So first things first. We can’t get to the New Jerusalem without going through real chaos and emptiness. Therefore, it behooves us to lament, to cry out, to express our anguish. GC2012 and Election Year 2012 have me convinced that theological and political gridlock on top of economic disaster is real.  We cannot dare to be priests or prophets who say, “Peace, Peace – when there is no peace” (Jeremiah 6:14, 8:11), in a divided world or church. We cannot put a useless band-aid of denial on our situation and strike a passive stance of do-nothingism on our dismal condition. If we want to have hope in the God who sends exiles home and resurrects the dead, then, like the Hebrew prophets of the Exile, we must declare our utter failure at trying to manipulate and manage God. By accepting our emptiness and expressing our grief we acknowledge that God has judged us. Listen to the prophet in Jeremiah 30:12: “This is what the Lord says: “Your wound is incurable, your injury beyond healing.”  We are judged by God who then enters our grief and surprises us. When all hope is seemingly lost by virtue of self-caused and God-judged chaos and emptiness we are surprised by God; i.e., Jeremiah 30:16-17: “Therefore, all who devour you will be devoured; all your enemies will go into exile. Those who plunder you will be plundered; all who make spoil of you I will despoil. But I will restore you to health and heal your wounds.” Only grief allows newness and only newness can come from God entering the judgment we have brought upon ourselves. Jesus saves, not this group or that one. Only Jesus saves! That is the essence of my report about General Conference 2012, and it is my message to everyone about the state of our world: “We’re broken and we’ve tried everything we can to fix things on our own, and it hasn’t worked. God help us! And God does help. There is our only hope. God is our only hope!”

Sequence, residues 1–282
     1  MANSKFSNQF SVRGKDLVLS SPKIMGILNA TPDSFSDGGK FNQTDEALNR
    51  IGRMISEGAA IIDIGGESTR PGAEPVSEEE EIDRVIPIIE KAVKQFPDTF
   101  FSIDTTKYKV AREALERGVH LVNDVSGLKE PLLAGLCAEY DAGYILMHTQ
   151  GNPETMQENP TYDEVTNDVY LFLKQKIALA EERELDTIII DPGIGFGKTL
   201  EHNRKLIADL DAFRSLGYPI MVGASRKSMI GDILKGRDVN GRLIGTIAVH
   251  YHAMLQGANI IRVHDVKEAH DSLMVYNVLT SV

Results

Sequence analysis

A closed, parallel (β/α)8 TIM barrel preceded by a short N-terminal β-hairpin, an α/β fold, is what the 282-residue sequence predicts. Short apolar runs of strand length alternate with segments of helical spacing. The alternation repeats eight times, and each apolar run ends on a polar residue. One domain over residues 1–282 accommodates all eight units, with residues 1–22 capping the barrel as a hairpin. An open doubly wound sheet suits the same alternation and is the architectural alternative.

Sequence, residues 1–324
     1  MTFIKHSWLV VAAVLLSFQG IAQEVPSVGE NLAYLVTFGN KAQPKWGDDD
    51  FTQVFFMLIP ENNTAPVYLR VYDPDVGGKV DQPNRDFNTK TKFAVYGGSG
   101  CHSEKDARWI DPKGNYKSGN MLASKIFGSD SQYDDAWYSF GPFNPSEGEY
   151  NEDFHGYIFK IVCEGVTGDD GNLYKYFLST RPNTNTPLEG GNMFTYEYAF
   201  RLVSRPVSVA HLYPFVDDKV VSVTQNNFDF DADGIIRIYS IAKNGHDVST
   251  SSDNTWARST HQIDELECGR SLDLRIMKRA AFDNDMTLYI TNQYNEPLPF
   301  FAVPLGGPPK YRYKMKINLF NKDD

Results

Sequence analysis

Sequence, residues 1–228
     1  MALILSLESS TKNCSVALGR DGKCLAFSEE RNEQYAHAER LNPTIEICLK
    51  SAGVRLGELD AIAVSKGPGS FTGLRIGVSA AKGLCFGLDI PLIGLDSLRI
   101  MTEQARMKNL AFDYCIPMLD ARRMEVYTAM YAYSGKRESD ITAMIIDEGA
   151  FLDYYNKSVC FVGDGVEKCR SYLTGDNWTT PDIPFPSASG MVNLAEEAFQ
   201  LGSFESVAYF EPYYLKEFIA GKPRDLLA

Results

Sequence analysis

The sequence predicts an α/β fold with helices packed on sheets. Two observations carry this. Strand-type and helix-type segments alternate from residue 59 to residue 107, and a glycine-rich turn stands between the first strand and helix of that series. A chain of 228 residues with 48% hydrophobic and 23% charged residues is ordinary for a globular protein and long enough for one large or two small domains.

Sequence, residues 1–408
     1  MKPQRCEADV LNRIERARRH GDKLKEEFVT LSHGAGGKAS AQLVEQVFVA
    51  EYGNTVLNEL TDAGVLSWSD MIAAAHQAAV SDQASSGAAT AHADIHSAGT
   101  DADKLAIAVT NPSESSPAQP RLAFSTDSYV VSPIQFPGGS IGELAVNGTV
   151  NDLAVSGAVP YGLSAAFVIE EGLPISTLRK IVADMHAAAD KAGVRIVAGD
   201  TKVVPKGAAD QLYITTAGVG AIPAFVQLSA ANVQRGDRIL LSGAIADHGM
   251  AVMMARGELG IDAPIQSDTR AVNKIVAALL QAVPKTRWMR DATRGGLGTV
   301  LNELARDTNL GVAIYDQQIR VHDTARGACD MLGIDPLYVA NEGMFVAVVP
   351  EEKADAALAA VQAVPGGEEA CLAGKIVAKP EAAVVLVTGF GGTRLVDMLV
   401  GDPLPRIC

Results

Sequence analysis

By the way, you need to know that this hopeful comparison of the Hebrew Exile to today is thanks to the gentle prodding of retired Bishop Ken Carder to reread Brueggemann. His book, Hopeful Imagination: Prophetic Voices in Exile is a must read. The book’s premise of Hebrew Exile as a means of renewal is more than a timely word for us. It was published in 1986 yet its words speak as if written today (pp. 45-47) (Hint: When you read “city” think Jerusalem, Church, Enlightenment, or Culture, etc.):

“I believe that we are in a season of transition, when we are watching the collapse of the world as we have known it. The political forms and economic modes of the past are increasingly ineffective. The value system and the shapes of knowledge through which we have controlled life are now in great jeopardy. One can paint the picture in very large scope, but the issues do not present themselves to pastors as global issues. They appear as local, even personal issues, but they are nonetheless pieces of a very large picture. When the fear and anger are immediate and acute, we do not stop to notice how much our own crisis is a part of the larger one, but it is.